Low-carbon Economy and Sustainable Development
Letter to our readers and to the Mandela World Liberation Front
World Charter of Free Media
Videos on the Seminar "What Brazil and What Amazonia Does the World Need?"
World Protests 2006-2013
Statement No. 1
Moving Closer toward an International Standard on Corporate Social Responsibility
The Challenge of Environmental Governance
A Bit Rich: Calculating the Real Value to Society of Different Professions
Assemblies emerging in Turkey: a lesson in democracy
Videos of the Governance and Ressentiment Seminar
Rethinking and Changing World Governance
Choosing between Two Evils or Rethinking Armed Interventionism
Policy Paper on Education: Building the Future through Quality Education
On the Road to Rio+20 - Proposals for a Citizen Project
New York summit is last chance to get consensus on climate before 2015 talks
Raising International Climate Finance
China Sustainable Development Strategy Report 2011. Greening the Economic Transformation
Territories: Paradigm Shifts That Need to Be Made for the Transition
An Open Letter to the Commoners and Co-operators of the World
3rd Dialogue Meeting between civil societies from China, Europe and South America
Can Democracy Survive Interdependence?
Could the COP 21 be our next Westphalian Moment?
Europe needs a Grand Strategy
China: Sustainable Development Strategy Report 2009
Since the end of the last century, the world has been facing a set of challenges that the existing institutions are unable to address and solve. This is a fact that has been confirmed over the last thirty years through a succession of all kinds of crises. Citizens have found that the beautiful ideal of freedom preached by free-market sycophants is just a facade set up to conceal the altar of greed. The Forum for a new World Governance explores these changes in this extensive work, only available in Spanish for the moment, accomplished by ten enthusiastic writers.
In 2011, the Fukushima nuclear disaster put the dangers of current energy policies on the table again, while the Arab Spring triggered the tectonics of a region that was supposed to be politically static. After Rwanda, the Congo, Iraq, and Afghanistan, Libya and Syria have joined the growing list of wars, which we had promised to abolish forever. At the same time, conferences like the one in Copenhagen or Rio have invariably led to statements that illustrate the absence of capacity and political will to truly address the global environmental crisis. Meanwhile, the “Occupy” and “Indignados” movements have shown the growing gap between governments and citizen mobilizations. The former have been unable to become a engine of change while the latter are leading citizen resistance but are still failing to influence the course of events.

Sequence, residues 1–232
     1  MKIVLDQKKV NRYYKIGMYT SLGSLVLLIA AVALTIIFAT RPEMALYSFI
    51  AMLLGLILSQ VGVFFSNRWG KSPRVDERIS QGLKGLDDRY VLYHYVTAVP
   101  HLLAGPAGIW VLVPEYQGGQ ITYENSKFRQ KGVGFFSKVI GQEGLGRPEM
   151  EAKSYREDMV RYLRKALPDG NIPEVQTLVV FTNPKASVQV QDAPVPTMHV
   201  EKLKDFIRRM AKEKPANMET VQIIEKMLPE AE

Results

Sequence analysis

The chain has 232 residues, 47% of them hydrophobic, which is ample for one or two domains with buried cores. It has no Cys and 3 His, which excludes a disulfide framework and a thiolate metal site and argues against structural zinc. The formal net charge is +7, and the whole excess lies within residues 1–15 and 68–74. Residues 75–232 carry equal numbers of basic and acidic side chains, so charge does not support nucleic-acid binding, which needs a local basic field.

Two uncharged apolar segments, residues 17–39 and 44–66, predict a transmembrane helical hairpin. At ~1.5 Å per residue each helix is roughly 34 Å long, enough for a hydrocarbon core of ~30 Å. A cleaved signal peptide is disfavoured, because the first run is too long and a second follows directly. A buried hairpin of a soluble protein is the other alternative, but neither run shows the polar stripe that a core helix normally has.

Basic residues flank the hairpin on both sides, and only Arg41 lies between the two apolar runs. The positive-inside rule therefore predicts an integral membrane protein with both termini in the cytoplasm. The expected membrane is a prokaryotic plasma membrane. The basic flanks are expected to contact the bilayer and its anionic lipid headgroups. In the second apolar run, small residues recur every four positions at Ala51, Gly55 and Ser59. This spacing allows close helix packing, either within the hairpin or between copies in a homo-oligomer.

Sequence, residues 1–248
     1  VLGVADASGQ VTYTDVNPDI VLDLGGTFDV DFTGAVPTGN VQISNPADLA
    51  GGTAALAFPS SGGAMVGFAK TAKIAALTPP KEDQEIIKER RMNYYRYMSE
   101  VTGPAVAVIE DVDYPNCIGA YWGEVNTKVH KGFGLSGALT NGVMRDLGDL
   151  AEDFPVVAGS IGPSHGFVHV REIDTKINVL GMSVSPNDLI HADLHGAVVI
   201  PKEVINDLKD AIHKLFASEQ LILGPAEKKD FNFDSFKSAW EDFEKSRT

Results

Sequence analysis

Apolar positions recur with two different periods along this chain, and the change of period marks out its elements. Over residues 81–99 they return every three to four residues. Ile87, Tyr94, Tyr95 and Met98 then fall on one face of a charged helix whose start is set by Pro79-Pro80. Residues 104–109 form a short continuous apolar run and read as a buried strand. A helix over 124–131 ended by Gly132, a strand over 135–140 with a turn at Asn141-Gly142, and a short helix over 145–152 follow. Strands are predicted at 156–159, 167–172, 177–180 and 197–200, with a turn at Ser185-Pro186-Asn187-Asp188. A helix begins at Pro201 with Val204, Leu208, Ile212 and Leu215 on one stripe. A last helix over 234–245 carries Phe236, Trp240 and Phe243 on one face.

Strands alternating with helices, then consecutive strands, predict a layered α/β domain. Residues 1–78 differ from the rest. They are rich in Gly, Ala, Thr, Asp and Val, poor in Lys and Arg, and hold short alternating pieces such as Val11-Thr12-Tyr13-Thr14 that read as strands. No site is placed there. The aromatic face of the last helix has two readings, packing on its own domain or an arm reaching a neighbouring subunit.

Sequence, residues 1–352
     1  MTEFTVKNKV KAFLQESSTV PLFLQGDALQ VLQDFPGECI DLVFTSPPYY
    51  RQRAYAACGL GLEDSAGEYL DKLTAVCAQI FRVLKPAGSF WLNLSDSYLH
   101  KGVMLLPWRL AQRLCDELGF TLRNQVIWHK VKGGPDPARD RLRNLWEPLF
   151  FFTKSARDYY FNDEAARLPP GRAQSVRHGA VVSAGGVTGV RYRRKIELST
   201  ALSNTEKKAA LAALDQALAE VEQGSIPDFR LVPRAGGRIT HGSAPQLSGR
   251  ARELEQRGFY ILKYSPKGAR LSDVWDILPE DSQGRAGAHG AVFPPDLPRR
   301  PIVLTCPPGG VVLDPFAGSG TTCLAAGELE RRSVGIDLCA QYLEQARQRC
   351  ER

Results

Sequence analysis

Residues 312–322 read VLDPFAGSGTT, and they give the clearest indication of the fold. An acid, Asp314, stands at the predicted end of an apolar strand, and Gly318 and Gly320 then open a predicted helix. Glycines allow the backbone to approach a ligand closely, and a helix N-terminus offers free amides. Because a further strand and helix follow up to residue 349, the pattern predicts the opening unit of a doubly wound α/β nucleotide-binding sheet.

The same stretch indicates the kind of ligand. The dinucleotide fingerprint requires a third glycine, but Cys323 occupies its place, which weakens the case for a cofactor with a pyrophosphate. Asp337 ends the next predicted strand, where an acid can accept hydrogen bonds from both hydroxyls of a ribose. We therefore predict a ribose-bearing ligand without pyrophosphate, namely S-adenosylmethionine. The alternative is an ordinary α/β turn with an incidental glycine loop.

The Forum for a new World Governance has tried to capture and analyze these changes and others, convinced that the answers to these crises must be provided by citizens themselves. This is the perspective in which it has published the Diccionario del Poder Mundial (Dictionary of World Power). The dictionary format makes it possible to navigate through the mazes of our changing history, with constant comings and goings between the past, the present, and future, and to move through the rich complexity of its 108 entries. The topics dealt with are remarkably diverse, ranging from Globalization to Governance of Space, from China to International Law, from World Economy to Ressentiment. From traditional entries like War and Peace, to surprising ones like Poetry or Football. The Dictionary also gives prominence to history as well as to prospects. In the same perspective, it juxtaposes practices and the theories often underpinning them. Some entries are devoted to individuals and others to notable events, but in general, purely biographical and historical entries have been limited to the benefit of theme-based ones.
The team behind this work is constituted by university graduates from all the continents with experiences on the field all over the world. It includes, among others, a veteran of UN peacekeeping operations, an elected representative and environmental activist, an independent French-Chinese intellectual, a political scientist raised under American Cold War orthodoxy, a freedom fighter from the South American anti-dictatorship struggles, and a Global Justice movement activist.